and at Rome in the following cent. ii. the synod of Dort, yet gains no ground,
48; and the measures taken by the ibid. his doctrine despised in England
Latin churches on this account, ibid. under James 1. 93 and h; controversy
and h, i.

with Arminius, whence it began, and by
Gilbert, Bishop of London, his character whom treated, 128 and c.

as a commentator, li. 289; surnamed Gonesius, introduces the beresy of Şer-
The Universal, for his extensive erudi vetus into Poland, ii. 359 and k.
tion, ibid.

Gorcomius, Henry, a scholastic writer in
Gildas, a writer in vi cent. his character, xv cent. ij. 450.
i. 415.

Goths, their conversion to Christianity, i.
Girardin, Dr. Patrick Piers de, bis remark 195, 263; their invasion of the Roman

able discourse in the Sorbonne, relative empire, 331 ; cruelty to the Christians
to the projoct of union between the in Gaul, 339.
English and Gallican churches, iv. 233; Grace, various controverses concerning,
writes to Archbishop Wake on this ac in v cent. i. 396; Augustin's opinions
count, and the answer he receives, ibid. concerning it, in explaining wbich his
is highly pleased with the answer, al disciples are not agreed, ibid. and k;
though written with a truly Protestant disputes about it in ix cent, and its un-
spirit, 234; the correspondence is di happy consequences, i. 52, 53; a sub-
vulged, he is reprimanded by the Abbé ject of controversy, in rvi cent. iii.
du Bois, and threatened with being sent 174; contests about it in xvii cent. and
to the Bastilc, unless he delivers up all hence the terms Sublapsarians and Su-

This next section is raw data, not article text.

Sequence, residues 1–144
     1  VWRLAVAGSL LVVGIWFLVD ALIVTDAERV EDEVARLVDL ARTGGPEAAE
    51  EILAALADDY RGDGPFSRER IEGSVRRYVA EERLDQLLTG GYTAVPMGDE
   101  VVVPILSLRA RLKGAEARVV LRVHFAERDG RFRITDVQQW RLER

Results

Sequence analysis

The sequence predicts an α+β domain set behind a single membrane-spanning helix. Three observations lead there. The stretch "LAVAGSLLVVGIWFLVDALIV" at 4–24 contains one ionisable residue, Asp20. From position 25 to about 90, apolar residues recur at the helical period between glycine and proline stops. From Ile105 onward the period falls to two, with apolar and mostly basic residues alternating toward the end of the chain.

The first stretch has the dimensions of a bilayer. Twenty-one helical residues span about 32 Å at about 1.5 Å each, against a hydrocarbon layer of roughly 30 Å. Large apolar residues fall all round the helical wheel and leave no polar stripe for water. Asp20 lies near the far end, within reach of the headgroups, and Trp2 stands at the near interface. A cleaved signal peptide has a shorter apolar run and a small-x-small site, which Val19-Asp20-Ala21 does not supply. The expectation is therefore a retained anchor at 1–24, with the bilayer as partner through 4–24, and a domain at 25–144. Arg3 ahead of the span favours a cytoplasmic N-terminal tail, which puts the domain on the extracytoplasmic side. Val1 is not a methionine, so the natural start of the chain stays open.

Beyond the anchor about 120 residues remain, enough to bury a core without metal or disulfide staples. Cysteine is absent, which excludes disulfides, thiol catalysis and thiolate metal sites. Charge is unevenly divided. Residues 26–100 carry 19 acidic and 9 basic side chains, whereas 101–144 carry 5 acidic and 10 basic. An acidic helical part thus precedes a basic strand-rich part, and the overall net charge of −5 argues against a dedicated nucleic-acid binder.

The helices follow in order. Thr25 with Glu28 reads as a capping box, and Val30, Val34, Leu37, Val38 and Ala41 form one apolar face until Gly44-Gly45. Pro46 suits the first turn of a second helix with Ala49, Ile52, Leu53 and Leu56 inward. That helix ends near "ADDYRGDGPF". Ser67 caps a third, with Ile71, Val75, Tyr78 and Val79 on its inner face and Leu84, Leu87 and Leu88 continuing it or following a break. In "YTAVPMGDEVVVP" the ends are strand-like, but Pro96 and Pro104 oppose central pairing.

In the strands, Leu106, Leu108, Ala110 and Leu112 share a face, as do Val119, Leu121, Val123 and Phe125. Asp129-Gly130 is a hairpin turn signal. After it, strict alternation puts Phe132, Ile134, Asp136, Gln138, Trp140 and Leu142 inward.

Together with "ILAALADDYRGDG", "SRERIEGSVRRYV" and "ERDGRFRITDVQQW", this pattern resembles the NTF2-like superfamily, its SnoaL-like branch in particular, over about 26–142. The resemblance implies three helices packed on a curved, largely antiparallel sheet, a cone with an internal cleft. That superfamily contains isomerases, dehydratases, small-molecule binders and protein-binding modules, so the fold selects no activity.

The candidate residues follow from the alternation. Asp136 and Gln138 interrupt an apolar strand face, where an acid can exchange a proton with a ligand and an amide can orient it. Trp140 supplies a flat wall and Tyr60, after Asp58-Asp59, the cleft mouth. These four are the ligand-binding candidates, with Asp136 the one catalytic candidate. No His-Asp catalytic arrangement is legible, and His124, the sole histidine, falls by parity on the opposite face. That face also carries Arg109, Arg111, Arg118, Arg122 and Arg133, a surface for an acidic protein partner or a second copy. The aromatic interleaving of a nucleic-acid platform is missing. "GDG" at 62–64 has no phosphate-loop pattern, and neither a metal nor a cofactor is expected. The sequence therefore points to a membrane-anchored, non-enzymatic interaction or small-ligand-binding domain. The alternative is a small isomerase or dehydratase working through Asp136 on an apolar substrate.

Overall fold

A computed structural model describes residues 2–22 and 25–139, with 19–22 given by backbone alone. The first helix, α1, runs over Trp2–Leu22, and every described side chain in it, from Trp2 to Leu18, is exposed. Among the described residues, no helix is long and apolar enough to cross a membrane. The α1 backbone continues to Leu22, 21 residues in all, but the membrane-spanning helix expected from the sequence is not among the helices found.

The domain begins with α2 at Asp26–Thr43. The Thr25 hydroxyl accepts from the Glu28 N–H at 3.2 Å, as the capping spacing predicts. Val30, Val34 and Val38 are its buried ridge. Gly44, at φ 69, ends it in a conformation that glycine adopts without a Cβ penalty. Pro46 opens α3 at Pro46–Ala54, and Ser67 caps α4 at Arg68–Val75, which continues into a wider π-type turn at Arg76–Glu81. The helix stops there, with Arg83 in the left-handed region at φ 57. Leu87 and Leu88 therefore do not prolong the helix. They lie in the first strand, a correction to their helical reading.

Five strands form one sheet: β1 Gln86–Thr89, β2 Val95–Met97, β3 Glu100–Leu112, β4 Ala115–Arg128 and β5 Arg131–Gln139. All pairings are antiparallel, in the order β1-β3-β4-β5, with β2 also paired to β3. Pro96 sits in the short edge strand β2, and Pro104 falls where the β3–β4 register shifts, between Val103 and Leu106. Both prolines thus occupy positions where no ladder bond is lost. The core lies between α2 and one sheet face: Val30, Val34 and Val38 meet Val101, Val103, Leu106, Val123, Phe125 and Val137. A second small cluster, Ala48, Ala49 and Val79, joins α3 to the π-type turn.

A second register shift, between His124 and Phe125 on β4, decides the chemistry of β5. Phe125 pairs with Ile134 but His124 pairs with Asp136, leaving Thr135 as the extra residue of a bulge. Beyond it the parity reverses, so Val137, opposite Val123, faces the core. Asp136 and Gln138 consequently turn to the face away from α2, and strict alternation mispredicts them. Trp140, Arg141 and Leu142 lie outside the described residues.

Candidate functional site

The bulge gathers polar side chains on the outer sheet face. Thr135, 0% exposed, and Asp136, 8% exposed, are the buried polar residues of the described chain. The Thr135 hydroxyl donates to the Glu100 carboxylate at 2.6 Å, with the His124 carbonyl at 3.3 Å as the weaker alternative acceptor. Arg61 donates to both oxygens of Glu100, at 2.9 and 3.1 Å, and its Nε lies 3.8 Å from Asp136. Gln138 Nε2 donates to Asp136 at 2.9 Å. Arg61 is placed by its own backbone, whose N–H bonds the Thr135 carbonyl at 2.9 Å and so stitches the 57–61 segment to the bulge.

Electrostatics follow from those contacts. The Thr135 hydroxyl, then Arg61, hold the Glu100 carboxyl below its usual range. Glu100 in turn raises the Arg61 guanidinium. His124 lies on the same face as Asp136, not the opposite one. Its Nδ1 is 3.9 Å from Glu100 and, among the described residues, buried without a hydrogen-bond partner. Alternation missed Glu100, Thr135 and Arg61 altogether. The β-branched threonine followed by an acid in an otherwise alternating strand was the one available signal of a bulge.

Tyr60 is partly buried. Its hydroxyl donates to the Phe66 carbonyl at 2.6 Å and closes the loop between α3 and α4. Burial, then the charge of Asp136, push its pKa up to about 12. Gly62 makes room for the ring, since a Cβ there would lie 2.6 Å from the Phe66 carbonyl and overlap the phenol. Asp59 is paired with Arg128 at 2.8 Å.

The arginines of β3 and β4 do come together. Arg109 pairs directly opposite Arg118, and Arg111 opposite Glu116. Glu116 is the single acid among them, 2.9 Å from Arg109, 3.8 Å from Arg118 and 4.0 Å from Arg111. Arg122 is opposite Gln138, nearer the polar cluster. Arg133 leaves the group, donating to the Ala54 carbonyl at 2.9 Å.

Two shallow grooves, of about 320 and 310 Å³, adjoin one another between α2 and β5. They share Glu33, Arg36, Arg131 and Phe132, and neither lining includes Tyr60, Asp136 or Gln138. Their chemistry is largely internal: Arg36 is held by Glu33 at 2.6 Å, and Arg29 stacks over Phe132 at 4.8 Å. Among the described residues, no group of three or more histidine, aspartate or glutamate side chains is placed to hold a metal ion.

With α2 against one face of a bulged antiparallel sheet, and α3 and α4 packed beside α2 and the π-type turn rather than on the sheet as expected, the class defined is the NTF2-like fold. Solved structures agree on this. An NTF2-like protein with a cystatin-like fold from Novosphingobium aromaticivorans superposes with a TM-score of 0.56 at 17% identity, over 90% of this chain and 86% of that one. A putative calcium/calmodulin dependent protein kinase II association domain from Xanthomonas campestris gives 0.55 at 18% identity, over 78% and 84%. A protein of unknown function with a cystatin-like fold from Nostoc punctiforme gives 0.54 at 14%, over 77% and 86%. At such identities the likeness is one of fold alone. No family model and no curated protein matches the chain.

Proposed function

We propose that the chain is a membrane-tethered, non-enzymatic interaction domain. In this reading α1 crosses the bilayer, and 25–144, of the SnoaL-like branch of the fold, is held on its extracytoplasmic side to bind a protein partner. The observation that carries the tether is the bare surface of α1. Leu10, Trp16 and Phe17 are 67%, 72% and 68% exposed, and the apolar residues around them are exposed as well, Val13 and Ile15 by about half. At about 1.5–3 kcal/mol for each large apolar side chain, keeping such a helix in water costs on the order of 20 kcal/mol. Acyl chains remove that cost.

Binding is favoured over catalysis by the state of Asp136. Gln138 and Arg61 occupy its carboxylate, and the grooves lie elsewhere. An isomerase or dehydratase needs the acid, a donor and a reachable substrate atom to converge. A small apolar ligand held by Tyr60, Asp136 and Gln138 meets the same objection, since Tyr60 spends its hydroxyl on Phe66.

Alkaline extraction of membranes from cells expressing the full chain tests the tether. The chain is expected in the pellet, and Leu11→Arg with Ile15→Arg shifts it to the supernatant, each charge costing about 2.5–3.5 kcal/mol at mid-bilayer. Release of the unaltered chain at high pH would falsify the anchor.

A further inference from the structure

the letters that passed on this occasion, pralapsarians, iv, 78.
244, 245; continues a faint correspon- Grandmontains, an order of monks, their
dence with Wake after Du Pin's death, rise in xi cent. ii. 187, 189 and

f.
but without effect, 246.

Granianus's, remonstrance to the Emperor
Glassius, his sacred philology, iv. 26 ; Adrian in favour of the Christians suc.
great character, 37 and k.

cessful, and by what means, i. 131.
Glycas, a good historian in xii cent. ii. Gras, Louisa le, founds the Virgins of
246.

Love, a female order, in arii cent. üi.
Gnostics, whence their name, i. 111; pre 503.

vailed in the apostolic age, and tourish. Gratian, a Monk, composes an epitome
ed under the Emperor Adrian, ibid. of the canon law, ii, 251.
and s; who comprehended under that Greece, the state of learning there in i
name, ibid. sprung from the oriental cent. i. 82; Romish missions, iii. 552.
philosophy, ibid. the cause of many Greek and Latin churches, schism be-
dangerous errors concerning the Scrip tween them unhappily revived in vi
tures, 112 ; their impious opinions about cent. ii. 202 ; its progress, 203 ; many
Christ, and moral doctrines, 113; base attempts for a reconciliation in xiii
methods used to support their tenets, cent. ineffectual, 413, 414.
114; dissension among them, whence, language, the study of it much
115; their principles revived and adopt frequented in xiii cent. ii. 341.
ed in iv cent. 326.

Greeks, two Emperors among them in xiii
Godeschale, a monk of Orbais in ix cent. cent. ij. 325; their deplorable state

ii. 31 ; begins a controversy concern after the invasion of the Turks, üli. 186,
ing predestination and grace, 52 ; his 157.
doctrine violently opposed by Rabanus Gregory, Thaumaturgus, his works and
Mauris, ibid. is iwice condemned and miracles, i. 213.